NERC, DISCOs Trade Blame over Poor Revenue in Power Sector

Anthony Akah


The Nigerian Electricity Regulatory Commission and Electricity Distribution Companies in the country accuse each other of causing the shortfall in revenue in the electricity market

| By Anayo Ezugwu | Dec 26, 2016 @ 01:00 GMT |

THE Nigerian Electricity Regulatory Commission, NERC, and the Electricity Distribution Companies in the country are trading blames over the revenue shortfall in the electricity market. While the DISCOs are holding the NERC responsible for the problem, the later says DISCOs are not very efficient in the operations.

Anthony Akah, acting chairman, NERC, described as false and unfair the allegations by the electricity distribution companies, Discos, that its regulatory actions contributed to the current N809.8 billion revenue shortfall of the electricity market.

Akah, in an interview with THISDAY, said more than any other operators in the country’s electricity market, the Discos have contributed to the poor showings of the market. He cited instances of the Discos’ withholding more than they were allowed of the market’s revenue, and at the same time backing it up with a court order.

He said a 22 percent interest was sculptured into the 2015 tariff to allow the Discos borrow funds from financial institutions to finance their capital expenditures, hence the falsehood that they were not given the freedom to borrow funds for their capital expenditures. “ANED is not one of our licensees. It is an association and the electricity distribution companies are licensees of NERC and should speak for themselves.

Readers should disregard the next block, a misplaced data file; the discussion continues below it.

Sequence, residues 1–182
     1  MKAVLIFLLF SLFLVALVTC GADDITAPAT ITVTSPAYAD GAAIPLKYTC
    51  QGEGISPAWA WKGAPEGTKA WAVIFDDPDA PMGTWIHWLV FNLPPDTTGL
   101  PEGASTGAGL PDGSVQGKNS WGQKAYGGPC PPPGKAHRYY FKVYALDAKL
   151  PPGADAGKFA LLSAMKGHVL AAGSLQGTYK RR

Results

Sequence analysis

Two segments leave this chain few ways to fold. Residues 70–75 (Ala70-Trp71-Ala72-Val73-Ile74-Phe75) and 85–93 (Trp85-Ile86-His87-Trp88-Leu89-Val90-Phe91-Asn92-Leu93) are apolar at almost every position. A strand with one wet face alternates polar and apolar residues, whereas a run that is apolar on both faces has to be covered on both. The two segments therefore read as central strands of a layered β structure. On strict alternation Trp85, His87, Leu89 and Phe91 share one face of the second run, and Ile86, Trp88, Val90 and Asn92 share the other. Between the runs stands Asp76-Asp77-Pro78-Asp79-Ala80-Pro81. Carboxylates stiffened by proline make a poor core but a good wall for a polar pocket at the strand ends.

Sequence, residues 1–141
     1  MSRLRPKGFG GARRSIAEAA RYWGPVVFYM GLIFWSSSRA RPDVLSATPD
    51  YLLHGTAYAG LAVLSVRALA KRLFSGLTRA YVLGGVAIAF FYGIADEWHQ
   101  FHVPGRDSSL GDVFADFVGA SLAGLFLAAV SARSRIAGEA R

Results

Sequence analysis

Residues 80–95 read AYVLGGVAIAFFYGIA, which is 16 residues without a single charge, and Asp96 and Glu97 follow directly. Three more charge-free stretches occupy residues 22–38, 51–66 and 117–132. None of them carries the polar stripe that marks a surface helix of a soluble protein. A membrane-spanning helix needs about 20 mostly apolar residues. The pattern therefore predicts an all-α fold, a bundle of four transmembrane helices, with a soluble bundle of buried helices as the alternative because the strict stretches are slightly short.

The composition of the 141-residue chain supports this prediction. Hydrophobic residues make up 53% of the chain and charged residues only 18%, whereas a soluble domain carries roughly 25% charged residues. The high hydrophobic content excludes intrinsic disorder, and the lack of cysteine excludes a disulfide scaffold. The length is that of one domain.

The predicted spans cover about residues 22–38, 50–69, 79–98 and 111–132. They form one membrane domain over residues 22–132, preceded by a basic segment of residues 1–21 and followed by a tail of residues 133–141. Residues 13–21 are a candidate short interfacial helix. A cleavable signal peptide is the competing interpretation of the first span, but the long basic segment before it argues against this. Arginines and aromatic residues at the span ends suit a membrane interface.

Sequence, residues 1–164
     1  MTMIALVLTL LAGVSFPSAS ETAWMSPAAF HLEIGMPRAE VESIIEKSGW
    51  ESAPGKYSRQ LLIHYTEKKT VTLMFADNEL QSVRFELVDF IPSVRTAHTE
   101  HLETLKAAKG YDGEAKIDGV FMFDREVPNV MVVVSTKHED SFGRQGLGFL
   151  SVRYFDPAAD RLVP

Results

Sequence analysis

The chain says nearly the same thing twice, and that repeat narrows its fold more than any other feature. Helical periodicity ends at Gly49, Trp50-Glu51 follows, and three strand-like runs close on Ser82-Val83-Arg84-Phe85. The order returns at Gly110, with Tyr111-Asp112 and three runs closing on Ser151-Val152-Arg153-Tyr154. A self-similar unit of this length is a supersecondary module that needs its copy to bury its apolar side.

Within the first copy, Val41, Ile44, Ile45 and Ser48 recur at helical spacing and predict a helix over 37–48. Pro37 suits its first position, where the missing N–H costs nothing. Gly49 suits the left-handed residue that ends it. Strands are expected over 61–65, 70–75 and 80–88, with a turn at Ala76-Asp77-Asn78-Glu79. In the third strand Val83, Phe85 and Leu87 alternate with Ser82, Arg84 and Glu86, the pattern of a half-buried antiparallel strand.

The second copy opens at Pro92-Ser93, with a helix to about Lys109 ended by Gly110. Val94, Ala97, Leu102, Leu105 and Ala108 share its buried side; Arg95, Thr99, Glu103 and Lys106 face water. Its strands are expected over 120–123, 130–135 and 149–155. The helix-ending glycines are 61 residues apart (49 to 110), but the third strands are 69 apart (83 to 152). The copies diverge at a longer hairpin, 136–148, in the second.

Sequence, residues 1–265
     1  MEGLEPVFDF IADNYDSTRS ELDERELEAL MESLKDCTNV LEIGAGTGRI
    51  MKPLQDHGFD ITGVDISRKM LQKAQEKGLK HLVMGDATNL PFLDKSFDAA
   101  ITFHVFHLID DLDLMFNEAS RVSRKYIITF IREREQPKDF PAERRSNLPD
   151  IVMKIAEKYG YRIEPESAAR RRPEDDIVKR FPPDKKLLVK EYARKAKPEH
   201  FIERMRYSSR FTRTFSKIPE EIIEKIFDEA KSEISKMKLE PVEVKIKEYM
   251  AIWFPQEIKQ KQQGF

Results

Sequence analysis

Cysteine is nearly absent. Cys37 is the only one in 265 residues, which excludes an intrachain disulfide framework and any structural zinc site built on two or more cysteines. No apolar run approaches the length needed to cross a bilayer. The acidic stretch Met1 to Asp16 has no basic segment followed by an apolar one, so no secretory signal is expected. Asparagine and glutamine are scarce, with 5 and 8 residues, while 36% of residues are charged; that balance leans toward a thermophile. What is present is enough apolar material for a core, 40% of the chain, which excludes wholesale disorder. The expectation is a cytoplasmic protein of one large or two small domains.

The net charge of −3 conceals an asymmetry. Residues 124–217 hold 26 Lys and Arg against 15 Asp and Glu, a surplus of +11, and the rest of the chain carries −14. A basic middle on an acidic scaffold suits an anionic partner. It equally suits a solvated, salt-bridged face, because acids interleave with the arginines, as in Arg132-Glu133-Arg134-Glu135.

“Generally speaking, the Discos have not performed to the desired expectations. However, there are some of them that in spite of the constraints are doing far better than the others and therefore it is not logical for an association to be speaking for the whole distribution companies because the level of performance of each of them varies.

“The greatest problem we have today is that there is a high level of collection inefficiency by the Discos. Regrettably, while the report from the Discos show a certain level of collection inefficiency, the same report from the MO and NBET show that the Discos are unfairly withholding close to two-third of the total revenue collected from the electricity market.

“The ideal ratio that the Discos should withhold is in the neighbourhood of 24 percent and by these unfair practices, the value chain which includes the transmission company and generating companies that lay the eggs that we all use in the form of power generation are being constrained of fund.

“The commission in line with its statutory responsibility had proactively based on all understanding by all players that upon the take-off of the MYTO 2015, all contracts and transactions in the market should have been predicated or guaranteed by contract and this means that everyone would be assured of revenue remittances.

“The Discos should have known that if they don’t pay for power given to them, their letters of credit would be called upon, regrettably, some of them went to court and got a restraining order that stops NBET or Gencos to call on their letters of credit and what they have done is that they are now hiding under that window to withhold revenue beyond what they should and thereby starving the whole sector.”

On the debts owed the Discos by government agencies, which the Discos claim was heavily impacting their operations, Akah said: “The significant impact of the MDA debt is more on about three Discos where you have more of government offices and the significance is not so much on the other Discos, yet the government is willing to solve this and has said the onus lies on the Discos to prove the debt owed them for the payments to be made.”

On the other hand, the Discos, through the Association of Nigerian Electricity Distributors, ANED, had claimed that the NERC allegedly contributed to the illiquidity challenges of the market from its regulatory decision flip-flops.

They also alleged that the tariff approved by the commission for them excluded them from undertaking far-reaching capital expenditures in their networks, stating that they were not allowed to spend more than N20 billion in their annual capital expenditures.


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